Get Off The Grass - Groundcovers For Problem PlacesWritten by Jean Fritz
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The original plant used for “lawns” was creeping thyme (Thymus serphyllum). This creeping beauty is ideal for high-traffic areas, responding to onslaught of pedestrian footfalls with heavenly fragrance. Many people grow creeping thyme as a filler in flagstone or brick walkways, but there’s no reason to limit it to small spaces. Another herb that is popular as a groundcover and adapts to either sun or shade is sweet woodruff (Asperula odorata). The plant has a fernlike appearance, and leaves smell like new-mown grass or hay. In spring, it boasts dainty white flowers that are used to flavor German May wine.
Finally, if you believe you are a brown-thumbed gardener and nothing will work for you, take heart. There are two groundcovers that grow in sun, shade, sand, clay, and are virtually indestructible. These are golden moneywort (Lysmachia mummularia aurea) and bishop’s weed (Aegopodium variegata). Golden moneywort is a golden-leaved, low-growing creeper. It starts to color up in early spring, once temperatures reach mid-60s, and retains its golden hue until hard frost hits. Like most lysmachias, it is very invasive, and can choke out unwanted weeds within two to three seasons. Bishop’s weed stands about 12” tall, and offers succulent, palmlike leaves in either deep green or variegated hues. Its flowers resemble those of Queen Anne’s lace. And from personal experience, I can attest that it comes back stronger after burning, tilling, chopping and applications of glyphosphate herbicide. Perhaps you can kill this stuff with kindness, but nothing else works.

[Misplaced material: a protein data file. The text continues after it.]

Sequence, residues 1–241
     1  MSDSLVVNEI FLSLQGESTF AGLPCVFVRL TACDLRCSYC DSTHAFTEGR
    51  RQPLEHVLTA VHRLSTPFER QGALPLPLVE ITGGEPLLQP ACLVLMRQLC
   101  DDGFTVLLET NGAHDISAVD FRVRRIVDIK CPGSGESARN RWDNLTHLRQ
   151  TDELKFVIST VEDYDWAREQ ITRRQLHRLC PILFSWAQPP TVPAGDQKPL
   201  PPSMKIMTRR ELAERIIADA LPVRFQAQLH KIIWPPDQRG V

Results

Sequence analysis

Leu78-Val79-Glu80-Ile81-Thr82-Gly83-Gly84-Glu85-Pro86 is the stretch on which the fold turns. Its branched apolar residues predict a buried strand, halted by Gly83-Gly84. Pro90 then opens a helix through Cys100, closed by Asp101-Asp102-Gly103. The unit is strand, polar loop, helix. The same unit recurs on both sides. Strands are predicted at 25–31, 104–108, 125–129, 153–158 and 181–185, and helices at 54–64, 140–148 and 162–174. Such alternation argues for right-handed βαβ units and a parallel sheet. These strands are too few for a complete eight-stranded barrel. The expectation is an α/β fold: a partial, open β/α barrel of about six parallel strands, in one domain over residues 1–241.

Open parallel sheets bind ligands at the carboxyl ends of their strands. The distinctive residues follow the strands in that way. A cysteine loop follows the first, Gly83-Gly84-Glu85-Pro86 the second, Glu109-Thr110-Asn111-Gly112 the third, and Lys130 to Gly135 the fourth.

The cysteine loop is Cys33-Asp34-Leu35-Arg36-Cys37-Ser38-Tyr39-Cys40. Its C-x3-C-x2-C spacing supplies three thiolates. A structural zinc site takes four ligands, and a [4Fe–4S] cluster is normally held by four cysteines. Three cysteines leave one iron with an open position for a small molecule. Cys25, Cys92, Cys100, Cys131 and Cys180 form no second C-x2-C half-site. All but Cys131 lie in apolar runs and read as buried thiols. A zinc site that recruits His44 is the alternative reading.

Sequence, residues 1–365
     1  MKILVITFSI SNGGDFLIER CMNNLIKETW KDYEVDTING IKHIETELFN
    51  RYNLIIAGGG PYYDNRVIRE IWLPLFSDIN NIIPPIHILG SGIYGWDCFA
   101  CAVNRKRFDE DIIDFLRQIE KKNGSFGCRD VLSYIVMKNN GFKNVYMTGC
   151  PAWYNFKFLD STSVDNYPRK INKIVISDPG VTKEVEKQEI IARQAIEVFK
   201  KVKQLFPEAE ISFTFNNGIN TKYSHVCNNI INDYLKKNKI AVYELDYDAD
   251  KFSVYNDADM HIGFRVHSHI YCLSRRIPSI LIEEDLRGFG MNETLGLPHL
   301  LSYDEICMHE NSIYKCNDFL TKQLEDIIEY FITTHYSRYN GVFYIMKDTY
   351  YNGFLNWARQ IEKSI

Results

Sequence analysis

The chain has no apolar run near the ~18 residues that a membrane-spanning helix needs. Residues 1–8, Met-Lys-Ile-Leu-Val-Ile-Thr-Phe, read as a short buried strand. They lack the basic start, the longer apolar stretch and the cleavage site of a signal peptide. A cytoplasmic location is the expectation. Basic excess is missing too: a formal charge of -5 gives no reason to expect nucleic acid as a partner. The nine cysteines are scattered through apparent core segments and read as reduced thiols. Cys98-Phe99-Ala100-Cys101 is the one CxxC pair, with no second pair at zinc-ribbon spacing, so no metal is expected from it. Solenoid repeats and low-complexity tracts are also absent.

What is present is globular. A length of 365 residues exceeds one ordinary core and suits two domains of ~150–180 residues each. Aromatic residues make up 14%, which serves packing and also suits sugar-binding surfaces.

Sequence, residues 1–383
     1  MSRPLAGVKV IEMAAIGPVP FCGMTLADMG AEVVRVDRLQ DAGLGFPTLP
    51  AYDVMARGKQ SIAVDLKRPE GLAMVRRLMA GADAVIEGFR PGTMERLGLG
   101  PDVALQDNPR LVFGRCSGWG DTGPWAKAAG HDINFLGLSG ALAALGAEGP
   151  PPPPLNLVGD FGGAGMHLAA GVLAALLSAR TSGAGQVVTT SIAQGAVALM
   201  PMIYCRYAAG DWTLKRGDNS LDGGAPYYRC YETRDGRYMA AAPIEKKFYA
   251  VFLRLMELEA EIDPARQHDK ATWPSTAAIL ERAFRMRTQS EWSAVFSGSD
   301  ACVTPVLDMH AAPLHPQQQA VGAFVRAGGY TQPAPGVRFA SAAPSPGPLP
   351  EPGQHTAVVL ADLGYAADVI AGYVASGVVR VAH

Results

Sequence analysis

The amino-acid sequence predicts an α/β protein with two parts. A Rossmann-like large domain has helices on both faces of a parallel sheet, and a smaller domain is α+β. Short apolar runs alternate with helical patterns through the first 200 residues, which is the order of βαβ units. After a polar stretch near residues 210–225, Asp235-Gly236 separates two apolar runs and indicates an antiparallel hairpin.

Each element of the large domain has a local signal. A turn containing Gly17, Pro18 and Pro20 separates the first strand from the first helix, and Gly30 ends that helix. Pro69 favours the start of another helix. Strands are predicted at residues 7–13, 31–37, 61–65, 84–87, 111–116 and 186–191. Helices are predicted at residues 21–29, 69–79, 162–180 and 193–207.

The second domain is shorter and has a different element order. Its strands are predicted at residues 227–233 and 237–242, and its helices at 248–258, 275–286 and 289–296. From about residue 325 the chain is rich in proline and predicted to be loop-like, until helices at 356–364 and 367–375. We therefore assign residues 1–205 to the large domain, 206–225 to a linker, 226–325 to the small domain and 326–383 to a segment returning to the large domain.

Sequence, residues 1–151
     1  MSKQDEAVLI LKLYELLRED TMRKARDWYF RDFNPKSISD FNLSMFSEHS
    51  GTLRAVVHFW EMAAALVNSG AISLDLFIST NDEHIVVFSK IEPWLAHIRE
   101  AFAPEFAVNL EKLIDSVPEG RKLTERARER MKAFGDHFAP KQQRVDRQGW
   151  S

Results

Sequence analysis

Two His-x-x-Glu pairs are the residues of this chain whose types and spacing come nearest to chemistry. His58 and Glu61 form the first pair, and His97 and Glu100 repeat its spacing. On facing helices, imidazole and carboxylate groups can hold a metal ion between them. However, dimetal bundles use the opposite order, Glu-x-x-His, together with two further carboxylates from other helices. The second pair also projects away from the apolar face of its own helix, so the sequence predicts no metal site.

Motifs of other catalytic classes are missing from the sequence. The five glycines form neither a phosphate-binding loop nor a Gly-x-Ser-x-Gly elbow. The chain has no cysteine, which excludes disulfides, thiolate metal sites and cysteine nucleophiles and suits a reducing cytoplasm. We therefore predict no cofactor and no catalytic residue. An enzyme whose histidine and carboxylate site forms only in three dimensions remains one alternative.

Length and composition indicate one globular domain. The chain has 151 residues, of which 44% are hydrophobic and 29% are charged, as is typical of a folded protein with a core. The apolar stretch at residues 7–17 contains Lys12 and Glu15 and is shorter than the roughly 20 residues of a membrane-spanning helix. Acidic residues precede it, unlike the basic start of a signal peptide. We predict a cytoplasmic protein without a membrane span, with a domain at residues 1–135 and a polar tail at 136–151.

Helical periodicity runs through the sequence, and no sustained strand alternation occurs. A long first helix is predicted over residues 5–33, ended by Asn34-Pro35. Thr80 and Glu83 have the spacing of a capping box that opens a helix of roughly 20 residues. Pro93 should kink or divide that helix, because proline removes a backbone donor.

Using groundcovers may take you out of “best lawn” competition with neighbors, but they will be green with envy when your time is spent grilling and lounging rather than mowing, watering and fertilizing.
The author is a farmer and freelance writer. You can take a virtual tour of her farm at http://clik.to/kittyvista
How to Transplant IrisesWritten by LeAnn R. Ralph
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3. Dig holes with a trowel about four inches deep and eight to ten inches apart. Put iris roots into holes and cover with soil.
4. Water transplanted irises thoroughly. For remainder of season, water irises a couple of times each week, especially when rain is in short supply.
Observations about irises:
1. From what I have seen of irises growing in my flower beds, they are tough plants that are quite drought resistant. Like any plant, they will do better when they receive plenty of water, but during years when it has been dry, they have still survived extremely well. And of course, irises that I dug up from old homesteads didn't have any help at all during drought years, and *they* made it just fine.
2. The irises in my yard seem to do equally well in full sun or in partial shade.
3. Trimming iris leaves after plants are done blooming to give more room and more light to other plants nearby doesn't seem to bother irises. For past couple of years, I have trimmed irises growing next to my rose bush, and following year, irises have come back as strong as ever.
LeAnn R. Ralph is author of farm books "Christmas in Dairyland (True Stories from a Wisconsin Farm" (trade paperback 2003); "Give Me a Home Where Dairy Cows Roam" (trade paperback 2004); "Preserve Your Family History (A Step-by-Step Guide for Interviewing Family Members and Writing Oral Histories" (e-book 2004). You are invited to sign up for free monthly newsletter, Rural Route 2 News -- http://ruralroute2.com
LeAnn R. Ralph is the author of the farm books "Christmas in Dairyland (True Stories from a Wisconsin Farm" and "Give Me a Home Where the Dairy Cows Roam" (trade paperback 2004); http://ruralroute2.com